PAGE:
Please feel free to contact us with and questions, comments or concerns. We are in our first year of business and want to serve you well!

Happy Spring,
Bri, Josh and the mulch master cat Bu

*CSA (Community Supported Agriculture) is a popular new way for farmers and eaters to work together. The customer purchases a share of the farm’s harvest at the beginning of the season, and the farmer delivers it one week at a time. The customer gets a steady supply of fresh, local produce from a farmer they can trust, and the farmers get to grow nourishing food for families they know, allowing them to spend less time marketing and more time weeding.

Monday, May 16, 2011

Farming is not a lost profession or passion

I just want to take a moment to tell you all about two other kick ass farmers of my generation. Jeff and Carolyn, who were on their way out of the farm as Josh and I were coming in last year, are still farming too! I won't delve into all of their awesomeness here, but check out their site, Potter Hill Farm, and buy their food if you happen to live way out there.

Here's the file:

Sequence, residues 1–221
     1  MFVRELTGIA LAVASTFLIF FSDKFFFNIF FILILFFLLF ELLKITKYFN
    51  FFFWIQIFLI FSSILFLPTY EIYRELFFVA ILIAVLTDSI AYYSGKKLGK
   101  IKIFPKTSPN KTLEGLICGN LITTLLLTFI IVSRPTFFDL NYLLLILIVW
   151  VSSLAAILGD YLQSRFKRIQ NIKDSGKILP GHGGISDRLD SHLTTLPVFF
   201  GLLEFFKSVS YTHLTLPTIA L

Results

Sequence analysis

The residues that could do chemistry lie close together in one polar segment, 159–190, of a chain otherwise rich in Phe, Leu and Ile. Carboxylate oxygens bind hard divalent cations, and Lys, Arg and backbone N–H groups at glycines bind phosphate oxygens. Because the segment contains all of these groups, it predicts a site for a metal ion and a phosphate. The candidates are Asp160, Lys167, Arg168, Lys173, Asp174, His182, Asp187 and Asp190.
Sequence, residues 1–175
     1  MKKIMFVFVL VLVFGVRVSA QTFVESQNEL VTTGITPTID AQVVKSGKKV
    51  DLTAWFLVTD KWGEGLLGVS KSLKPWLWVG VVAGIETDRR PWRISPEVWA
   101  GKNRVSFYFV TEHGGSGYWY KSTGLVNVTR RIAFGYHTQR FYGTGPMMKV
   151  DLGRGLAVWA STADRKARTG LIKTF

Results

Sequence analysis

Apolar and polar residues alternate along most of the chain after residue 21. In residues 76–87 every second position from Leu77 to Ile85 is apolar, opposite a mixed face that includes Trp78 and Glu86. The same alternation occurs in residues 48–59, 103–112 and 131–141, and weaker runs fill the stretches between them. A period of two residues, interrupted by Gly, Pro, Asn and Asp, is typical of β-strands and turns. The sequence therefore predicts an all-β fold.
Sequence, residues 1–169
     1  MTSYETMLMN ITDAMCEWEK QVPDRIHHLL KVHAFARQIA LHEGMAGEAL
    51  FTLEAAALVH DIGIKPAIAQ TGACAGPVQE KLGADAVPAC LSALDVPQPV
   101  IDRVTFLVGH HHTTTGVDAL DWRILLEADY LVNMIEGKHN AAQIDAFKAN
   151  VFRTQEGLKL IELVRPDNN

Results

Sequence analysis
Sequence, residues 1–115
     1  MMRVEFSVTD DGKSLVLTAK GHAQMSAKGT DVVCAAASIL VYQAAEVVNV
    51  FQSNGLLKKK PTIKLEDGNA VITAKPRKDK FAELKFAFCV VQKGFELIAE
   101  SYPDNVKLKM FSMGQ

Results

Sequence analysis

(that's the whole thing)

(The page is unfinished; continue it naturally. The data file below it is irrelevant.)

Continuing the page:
I remember going to a gathering early spring last year of young apprentices just like myself-excited and eager to try out farming. One of the organizers of the group, with many years of farming under his belt, gave us a depressing statistic about how many of us would actually continue on to become farmers. I believe the number was two. Jeff, Carolyn, Josh and I were all there, and I couldn't imagine any of us not doing this forever, but statistically, we wouldn't. Of course statistics are not to be counted on, but nonetheless, here we are proving them wrong! I don't know how many other youngins' in that room are still farming today, but just the four of us doubled how many were "supposed" to. And I'm pretty freakin proud and happy about it!

Sunday, May 15, 2011

After a while